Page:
Though I’m sure all present felt a fair degree of shock, I think it’s safe to say Sophia’s proved the greatest. The four furry critters may’ve been startled by the human intrusion, but they weren’t the ones who screamed, dropped a lighted gas lantern … and set the tent on fire.

two compartment camping tent

Two-compartment camping tent

#39 – Friends

I recently accepted a Facebook “friend” request from another of my old Dungeons & Dragons’ buddies, Sam Waters.  After adding him to my small but growing roster of friends, I checked out his profile. It was pretty sparse on details but did feature a photo.  Funny how people can look so different after a mere twenty-five years or so. The picture showed Sam with a fully shaved head (a far cry from the shaggy blond rug I recalled).  And judging by the surprising array of muscles depicted, it seemed as though Sam had exchanged his Twinkies for protein bars somewhere down the line. 

Yesterday, I logged onto Facebook and observed a post from Sam at the top of my news feed.  Ever the irreverent kidder, he’d posted a link to a website owned by a fun loving group known as the “Aryan Brothers.”  He’d also added a comment to the link, soliciting “all pureblooded brothers and sisters to join the movement, and take America back from …”  I won’t repeat the rest of it here.  Even as an obvious joke, I thought the “colorful” references to Jews and African-Americans more than a bit tasteless.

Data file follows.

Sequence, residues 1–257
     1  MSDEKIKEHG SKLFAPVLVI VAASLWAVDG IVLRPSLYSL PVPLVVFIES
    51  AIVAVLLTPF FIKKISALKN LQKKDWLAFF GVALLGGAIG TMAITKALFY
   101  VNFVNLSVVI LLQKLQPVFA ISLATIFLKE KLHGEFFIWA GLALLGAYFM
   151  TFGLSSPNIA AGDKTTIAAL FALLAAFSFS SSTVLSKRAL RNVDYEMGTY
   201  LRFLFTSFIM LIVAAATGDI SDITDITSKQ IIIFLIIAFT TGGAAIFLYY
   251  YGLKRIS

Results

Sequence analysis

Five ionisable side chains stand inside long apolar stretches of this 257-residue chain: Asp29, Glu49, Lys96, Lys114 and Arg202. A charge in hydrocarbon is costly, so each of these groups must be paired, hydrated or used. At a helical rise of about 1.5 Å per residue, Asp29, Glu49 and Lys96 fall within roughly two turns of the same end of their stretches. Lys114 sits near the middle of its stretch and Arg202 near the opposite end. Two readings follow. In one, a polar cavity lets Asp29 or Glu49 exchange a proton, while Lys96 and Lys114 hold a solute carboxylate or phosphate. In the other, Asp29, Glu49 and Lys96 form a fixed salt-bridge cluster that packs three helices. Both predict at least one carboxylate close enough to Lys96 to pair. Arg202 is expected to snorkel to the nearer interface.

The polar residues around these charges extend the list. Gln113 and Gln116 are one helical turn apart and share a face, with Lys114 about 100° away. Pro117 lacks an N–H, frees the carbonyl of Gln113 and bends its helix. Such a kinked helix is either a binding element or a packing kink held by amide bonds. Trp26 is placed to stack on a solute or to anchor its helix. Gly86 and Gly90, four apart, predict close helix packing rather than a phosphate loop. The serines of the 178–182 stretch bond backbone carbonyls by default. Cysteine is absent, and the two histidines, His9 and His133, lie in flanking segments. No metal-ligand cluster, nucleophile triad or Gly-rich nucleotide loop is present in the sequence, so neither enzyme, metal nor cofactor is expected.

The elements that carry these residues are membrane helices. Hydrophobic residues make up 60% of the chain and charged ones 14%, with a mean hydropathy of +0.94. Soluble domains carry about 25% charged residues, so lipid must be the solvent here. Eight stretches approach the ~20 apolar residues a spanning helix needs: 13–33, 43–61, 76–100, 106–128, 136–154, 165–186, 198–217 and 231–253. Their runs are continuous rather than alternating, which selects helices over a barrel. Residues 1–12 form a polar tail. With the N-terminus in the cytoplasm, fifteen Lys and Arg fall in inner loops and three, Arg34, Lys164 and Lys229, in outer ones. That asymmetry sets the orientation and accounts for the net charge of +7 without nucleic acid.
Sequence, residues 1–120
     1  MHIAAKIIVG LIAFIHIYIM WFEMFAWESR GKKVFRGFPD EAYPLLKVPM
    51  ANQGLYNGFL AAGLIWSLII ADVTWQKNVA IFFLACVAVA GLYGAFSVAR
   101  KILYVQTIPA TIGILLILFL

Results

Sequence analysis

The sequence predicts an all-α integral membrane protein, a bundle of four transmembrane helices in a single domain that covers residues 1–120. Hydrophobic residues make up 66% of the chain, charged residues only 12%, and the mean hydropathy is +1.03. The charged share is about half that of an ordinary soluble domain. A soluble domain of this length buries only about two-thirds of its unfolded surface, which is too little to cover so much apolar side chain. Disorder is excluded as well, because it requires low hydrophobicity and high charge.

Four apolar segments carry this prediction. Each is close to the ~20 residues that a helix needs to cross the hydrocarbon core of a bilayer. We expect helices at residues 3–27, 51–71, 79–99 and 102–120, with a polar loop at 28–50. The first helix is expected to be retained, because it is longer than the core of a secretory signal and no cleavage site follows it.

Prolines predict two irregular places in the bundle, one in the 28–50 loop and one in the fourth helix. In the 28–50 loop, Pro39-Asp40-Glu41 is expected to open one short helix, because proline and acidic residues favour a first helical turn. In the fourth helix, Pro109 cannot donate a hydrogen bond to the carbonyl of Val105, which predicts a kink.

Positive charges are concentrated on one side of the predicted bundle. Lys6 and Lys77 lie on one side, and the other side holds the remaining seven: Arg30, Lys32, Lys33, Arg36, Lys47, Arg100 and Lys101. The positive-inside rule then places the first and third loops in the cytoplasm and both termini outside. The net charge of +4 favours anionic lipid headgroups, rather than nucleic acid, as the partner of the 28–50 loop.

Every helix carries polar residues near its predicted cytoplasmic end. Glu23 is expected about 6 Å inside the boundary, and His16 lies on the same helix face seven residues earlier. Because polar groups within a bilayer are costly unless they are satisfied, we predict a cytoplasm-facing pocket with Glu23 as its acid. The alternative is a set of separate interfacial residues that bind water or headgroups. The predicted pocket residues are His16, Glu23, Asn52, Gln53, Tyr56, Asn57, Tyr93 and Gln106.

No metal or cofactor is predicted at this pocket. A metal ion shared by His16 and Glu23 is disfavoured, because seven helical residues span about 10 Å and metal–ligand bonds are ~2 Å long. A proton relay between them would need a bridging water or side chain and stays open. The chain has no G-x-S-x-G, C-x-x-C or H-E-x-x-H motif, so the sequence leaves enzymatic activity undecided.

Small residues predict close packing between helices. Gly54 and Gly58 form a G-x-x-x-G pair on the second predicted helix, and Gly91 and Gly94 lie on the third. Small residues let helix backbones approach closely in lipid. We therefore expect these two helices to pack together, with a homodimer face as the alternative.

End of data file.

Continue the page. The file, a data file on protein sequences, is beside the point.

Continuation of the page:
Nonetheless, I decided to play along with Sam’s joke.  So I posted my own comment regarding his shared link: “Sign me up!  I have Himmler’s old recipe for Bundt cake, and I’d love to enter it in the next Aryan bake off.” 

Frankly, I was taken aback by the 103 responses to my comment, many of which contained variations of the question: “What the fuck?” The balance asked the slightly different: “Who the fuck?”  How odd it seemed to me that Sam had chosen so many Facebook friends who didn’t share our peculiar brand of warped humor. 

Last night’s events resolved my confusion though. I received another “friend” request, from another Sam Waters.  The request included a message reminding me of the old days playing D&D together.  Sure enough, a quick perusal of the second Sam Waters’ profile depicted an older, but clearly recognizable, version of the pudgy and bespectacled kid I remembered. 

I won’t deny it; I freaked out a little.  Shouting for Sophia, I told her about the case of mistaken identity which resulted in me inadvertently befriending an Aryan Brother.  She did her best to calm me down: “Relax, Richard.  Just de-friend the guy or block him.  There’s no need to panic.” 

I begged to differ: “Honey.  You want me to reject the Jew-hating neo-Nazi who has my name, picture, location and telephone number?” 

Now, both of us are freaking out.


bundt cake

Bundt cake